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Topic: Libby on Android (Read 1362 times) previous topic - next topic
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Libby on Android

This is audio related but not about audio per se. I suspect some people here have experience with what I was trying to do; maybe someone has experienced the same problem.

I have an older 4G smart phone that I had to give up using a little over two years ago because it isn’t LTE capable. It is an HTC One running Android 5.0.2. I have no direct internet access of course but I can connect the phone to WiFi.

I’ve been using if for some audio playback, using its built into the Android system audio player. It is easy to copy audio files to the phone and hassle free to play them. Now I want to play audio books borrowed from the library. This requires a special player, Libby, which comes only from the Google Play Store. I never before used the Play Store on this phone.

I started with the Play Store icon, then signed on, which appeared to work. There is no longer any requirement for entering ID or password and, as far as I can see, there is no option to sign out. Right after I signed on there was a message across the top of the screen saying something like “unable to access Play Store content”. It has not been repeated.

What I get now is a blank screen except for a search dialogue across the top. I’m not certain if it is part of Play Store or just some search engine for the web. When I key in Libby I get a list of several Libby software things, all of which may be for the same library program.  If I select any of them, the system goes into perpetual busy state with an arrow head snake chasing its tail in a circle. Maybe if I waited long enough it would time out but so far I haven’t had the extreme patience necessary for that.

The above procedure works as expected on my current, connected phone.

What occurs to me is that Play Store has since been updated and will no longer work on such an old version of Android or maybe with such an old version of the Play Store program. I find no way to update the Play Store program and, for certain, there is no HTC Android update for the phone.

Are there any other possibilities, in particular ones that might work on this phone?
Am I correct in believing there is no such thing as a generic Android system that might be used to update the Phone’s OS?
Has anyone had good experiences with any particular Android forum?

Re: Libby on Android

Reply #1
Are there any other possibilities, in particular ones that might work on this phone?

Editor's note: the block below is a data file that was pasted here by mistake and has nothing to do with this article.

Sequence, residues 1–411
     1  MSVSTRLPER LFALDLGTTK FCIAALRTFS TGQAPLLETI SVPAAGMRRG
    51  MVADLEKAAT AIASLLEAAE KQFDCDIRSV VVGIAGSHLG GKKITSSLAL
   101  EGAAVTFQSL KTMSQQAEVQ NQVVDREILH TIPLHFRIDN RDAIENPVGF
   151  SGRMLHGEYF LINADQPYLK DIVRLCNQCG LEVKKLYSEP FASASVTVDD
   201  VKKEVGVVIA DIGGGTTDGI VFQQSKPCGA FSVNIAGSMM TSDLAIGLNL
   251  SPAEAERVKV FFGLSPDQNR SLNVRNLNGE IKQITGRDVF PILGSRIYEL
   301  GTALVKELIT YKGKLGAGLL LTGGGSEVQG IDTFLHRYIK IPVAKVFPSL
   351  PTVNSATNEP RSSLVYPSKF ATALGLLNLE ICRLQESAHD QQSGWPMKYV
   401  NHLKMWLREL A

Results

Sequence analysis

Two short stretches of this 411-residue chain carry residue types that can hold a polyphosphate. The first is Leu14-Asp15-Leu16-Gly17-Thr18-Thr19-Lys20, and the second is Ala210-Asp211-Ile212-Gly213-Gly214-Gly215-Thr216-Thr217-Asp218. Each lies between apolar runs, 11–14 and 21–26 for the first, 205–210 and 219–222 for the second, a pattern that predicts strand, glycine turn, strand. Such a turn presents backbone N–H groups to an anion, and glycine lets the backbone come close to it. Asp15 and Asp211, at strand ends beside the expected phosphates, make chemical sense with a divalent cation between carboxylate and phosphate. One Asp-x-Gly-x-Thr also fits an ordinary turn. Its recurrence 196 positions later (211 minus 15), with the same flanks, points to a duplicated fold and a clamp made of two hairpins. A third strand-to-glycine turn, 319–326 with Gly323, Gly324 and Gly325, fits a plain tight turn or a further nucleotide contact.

You can bypass the Play Store and manually install the app. The Libby app claims to support Android 5, so it might work. You can download it from here. You can also try installing older versions of the app in case the latest one doesn't work. (Beware: there are a lot of sites hosting malicious Android apps out there. The site I linked seems to be trustworthy, but it wouldn't hurt to double check.)

Am I correct in believing there is no such thing as a generic Android system that might be used to update the Phone’s OS?
Sort of. There's no such thing as a generic Android system that you can install onto any phone, but some clever folks have worked out ways to customize newer versions of Android to work on older phones. You're not going to get the latest version of Android, but I've seen copies of Android 7 for your phone floating around. Unfortunately, installing these upgrades tends to be rather difficult, and if you make a mistake you could permanently damage your phone.

Re: Libby on Android

Reply #2
If you wish to attempt an Android upgrade, you could have a look at 'Discontinued Devices' on They appear to support a number of HTC One variants.

Re: Libby on Android

Reply #3
Definitely try sideloading APK's before messing with the install. I don't think you can get libby on it but a good alternative app store is f-droid, it's a repo mostly for FOSS apps. Might give the phone some extra utility.


Re: Libby on Android

Reply #4
The only possible usefulness of the phone is as an audio player (well, I suppose it could take photos too, if that interested me in the slightest). With the audio I've played on it for some time, I have zero complaints. It would be rather foolish to stop using it just because of its age.

The addition I want, Libby, is to access the public library system audio, mainly audiobooks. Like the Audible player for audiobooks sold by Audible, it is the only legitimate way to do so, possibly the only way period. I now have recommendations to try or instead of the Google Play store for an installable Libby program, so maybe that will b e a viable work around.